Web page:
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Atmospheric Measurement Techniques An interactive open-access journal of the European Geosciences Union
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Preprints
https://doi.org/10.5194/amt-2020-91
© Author(s) 2020. This work is distributed under
the Creative Commons Attribution 4.0 License.
https://doi.org/10.5194/amt-2020-91
© Author(s) 2020. This work is distributed under
the Creative Commons Attribution 4.0 License.

  23 Mar 2020

23 Mar 2020

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A revised version of this preprint was accepted for the journal AMT and is expected to appear here in due course.

Dissecting effects of orbital drift of polar-orbiting satellites onaccuracy and trends of cloud fractional cover climate data records

Jędrzej S. Bojanowski and Jan P. Musiał Jędrzej S. Bojanowski and Jan P. Musiał
  • Institute of Geodesy and Cartography, Remote Sensing Centre, Modzelewskiego 27, 02-679 Warsaw, Poland

Abstract. Radiometers such as the AVHRR mounted aboard a series of the NOAA and MetOp polar-orbiting satellites provide 4-decade-long global climate data records (CDRs) of cloud fractional cover. Generation of such long datasets requires combining data from consecutive satellite platforms. A varying number of satellites operating simultaneously in the morning and afternoon orbits, together with the satellite orbital drift cause the uneven sampling of the cloudiness diurnal cycle along a course of CDR. This in turn leads to significant biases, spurious trends and inhomogeneities in the data records of climate variables featuring the distinct diurnal cycle (such as clouds). To quantify the uncertainty and magnitude of spurious trends in the AVHRR-based cloudiness CDRs, we sampled the 30-minute reference CM SAF Cloud Fractional Cover dataset derived from Meteosat First and Second Generation (COMET) at times of the NOAA and MetOp satellites overpasses. The sampled cloud fractional cover (CFC) time series were aggregated to monthly means and compared with the reference COMET dataset covering the Meteosat disc (up to 60 degrees N/S/W/E). For individual NOAA/MetOp satellites the errors in mean monthly CFC reach ± 10 % (bias) and ± 7 % per decade (spurious trends). For the combined data record consisting of several NOAA/MetOp satellites, the CFC bias is 3 % and the spurious trends are 1 % per decade. This study proves that before 2002 the AVHRR-derived CFC CDRs do not comply with the GCOS temporal stability requirement of 1 % CFC per decade just due to the satellite orbital drift effect. After this date the requirement is fulfilled due to the numerous NOAA/MetOp satellites operating simultaneously. Yet, the time series starting in 2003 is shorter than 30 years that voids climatological analyses. We expect that the error estimates provided in this study will allow for a correct interpretation of the AVHRR-based CFC CDRs and ultimately will contribute to the development of a novel satellite orbital drift correction methodology widely accepted by the AVHRR-based CDRs providers.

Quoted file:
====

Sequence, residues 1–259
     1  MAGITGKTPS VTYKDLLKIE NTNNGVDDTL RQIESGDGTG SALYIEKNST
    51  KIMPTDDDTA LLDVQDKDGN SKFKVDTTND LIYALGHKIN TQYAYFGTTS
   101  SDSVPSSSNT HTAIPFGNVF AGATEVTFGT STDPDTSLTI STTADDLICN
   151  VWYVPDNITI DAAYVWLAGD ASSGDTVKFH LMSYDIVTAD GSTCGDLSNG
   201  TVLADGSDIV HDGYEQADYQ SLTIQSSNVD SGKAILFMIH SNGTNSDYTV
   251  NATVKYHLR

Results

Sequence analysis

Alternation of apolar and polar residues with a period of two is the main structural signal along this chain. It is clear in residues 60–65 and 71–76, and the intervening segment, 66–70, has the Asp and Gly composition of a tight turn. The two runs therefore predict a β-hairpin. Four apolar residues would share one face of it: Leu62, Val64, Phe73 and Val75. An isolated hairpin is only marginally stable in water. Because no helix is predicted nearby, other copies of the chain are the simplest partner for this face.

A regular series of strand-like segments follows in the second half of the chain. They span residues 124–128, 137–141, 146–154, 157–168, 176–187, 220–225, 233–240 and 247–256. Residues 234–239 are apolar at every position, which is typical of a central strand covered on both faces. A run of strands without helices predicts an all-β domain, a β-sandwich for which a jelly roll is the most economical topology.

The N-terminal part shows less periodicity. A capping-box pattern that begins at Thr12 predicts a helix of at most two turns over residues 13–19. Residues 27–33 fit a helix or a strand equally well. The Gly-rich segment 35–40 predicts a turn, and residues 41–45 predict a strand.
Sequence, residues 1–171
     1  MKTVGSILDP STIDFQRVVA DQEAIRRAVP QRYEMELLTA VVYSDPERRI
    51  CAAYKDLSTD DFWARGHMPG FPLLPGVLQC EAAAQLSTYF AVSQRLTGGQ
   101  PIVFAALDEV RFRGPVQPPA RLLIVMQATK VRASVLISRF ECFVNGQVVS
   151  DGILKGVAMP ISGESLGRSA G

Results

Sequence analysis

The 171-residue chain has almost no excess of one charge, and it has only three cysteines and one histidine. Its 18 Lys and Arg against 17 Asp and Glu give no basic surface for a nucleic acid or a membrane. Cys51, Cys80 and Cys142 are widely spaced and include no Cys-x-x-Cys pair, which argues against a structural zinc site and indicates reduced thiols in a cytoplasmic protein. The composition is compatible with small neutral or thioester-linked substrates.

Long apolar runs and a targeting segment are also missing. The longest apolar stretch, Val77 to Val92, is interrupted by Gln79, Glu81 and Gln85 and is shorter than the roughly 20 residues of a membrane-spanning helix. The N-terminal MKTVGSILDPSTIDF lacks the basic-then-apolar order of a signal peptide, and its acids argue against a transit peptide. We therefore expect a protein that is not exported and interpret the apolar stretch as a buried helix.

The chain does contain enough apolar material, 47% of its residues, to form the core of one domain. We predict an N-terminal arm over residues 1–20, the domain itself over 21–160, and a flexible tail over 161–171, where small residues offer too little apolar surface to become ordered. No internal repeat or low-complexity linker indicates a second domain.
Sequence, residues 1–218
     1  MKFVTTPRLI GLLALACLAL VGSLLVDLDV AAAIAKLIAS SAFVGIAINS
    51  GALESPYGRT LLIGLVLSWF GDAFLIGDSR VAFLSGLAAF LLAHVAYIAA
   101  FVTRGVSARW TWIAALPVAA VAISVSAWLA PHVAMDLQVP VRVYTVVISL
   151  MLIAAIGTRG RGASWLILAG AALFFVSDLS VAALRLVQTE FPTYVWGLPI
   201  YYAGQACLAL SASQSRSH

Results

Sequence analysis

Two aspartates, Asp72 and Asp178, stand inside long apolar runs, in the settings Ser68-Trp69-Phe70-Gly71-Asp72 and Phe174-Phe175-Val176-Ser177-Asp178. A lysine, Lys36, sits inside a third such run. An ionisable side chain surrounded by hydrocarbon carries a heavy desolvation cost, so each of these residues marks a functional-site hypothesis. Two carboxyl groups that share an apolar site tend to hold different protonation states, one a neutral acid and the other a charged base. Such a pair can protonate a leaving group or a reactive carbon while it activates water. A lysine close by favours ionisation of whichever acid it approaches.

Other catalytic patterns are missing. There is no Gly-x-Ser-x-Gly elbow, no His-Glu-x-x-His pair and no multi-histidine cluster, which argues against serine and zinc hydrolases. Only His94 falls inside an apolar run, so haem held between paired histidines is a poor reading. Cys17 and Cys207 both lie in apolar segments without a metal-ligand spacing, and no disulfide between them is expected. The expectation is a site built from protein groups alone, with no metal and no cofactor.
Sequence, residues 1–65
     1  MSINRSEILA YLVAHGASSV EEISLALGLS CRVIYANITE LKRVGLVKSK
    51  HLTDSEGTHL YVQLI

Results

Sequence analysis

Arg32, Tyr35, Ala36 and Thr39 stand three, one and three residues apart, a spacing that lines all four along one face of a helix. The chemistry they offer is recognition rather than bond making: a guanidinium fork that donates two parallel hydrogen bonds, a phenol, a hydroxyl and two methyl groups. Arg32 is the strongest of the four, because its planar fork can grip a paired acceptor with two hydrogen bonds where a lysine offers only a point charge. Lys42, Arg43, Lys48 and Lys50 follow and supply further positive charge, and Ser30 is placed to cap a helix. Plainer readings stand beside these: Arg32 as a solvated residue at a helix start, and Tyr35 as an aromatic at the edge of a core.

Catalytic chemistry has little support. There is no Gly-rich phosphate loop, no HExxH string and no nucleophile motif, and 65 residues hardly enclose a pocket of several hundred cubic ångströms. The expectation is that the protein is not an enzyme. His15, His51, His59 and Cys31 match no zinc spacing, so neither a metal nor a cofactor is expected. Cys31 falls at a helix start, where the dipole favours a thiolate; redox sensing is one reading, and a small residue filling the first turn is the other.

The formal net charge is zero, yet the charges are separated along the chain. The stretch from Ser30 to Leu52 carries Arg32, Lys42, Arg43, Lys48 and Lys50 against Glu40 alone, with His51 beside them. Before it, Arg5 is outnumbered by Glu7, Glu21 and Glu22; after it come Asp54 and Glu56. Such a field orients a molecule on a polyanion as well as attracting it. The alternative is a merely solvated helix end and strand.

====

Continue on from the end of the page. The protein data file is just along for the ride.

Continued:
Jędrzej S. Bojanowski and Jan P. Musiał

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Jędrzej S. Bojanowski and Jan P. Musiał

Jędrzej S. Bojanowski and Jan P. Musiał

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Latest update: 27 Nov 2020
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Short summary
Satellites such as NOAA/AVHRR can uniquely observe changes in cloud cover on global or regional scales. Yet, they are affected by the orbital drift that results in shifted image acquisition times, which in turn lead to spurious trends in cloud cover detected during climatological analyses. Providing a detailed quantification of these trends, we show that climate data records must be analysed with caution, as for some periods and regions they do not comply with the requirements for climate data.
Satellites such as NOAA/AVHRR can uniquely observe changes in cloud cover on global or regional...
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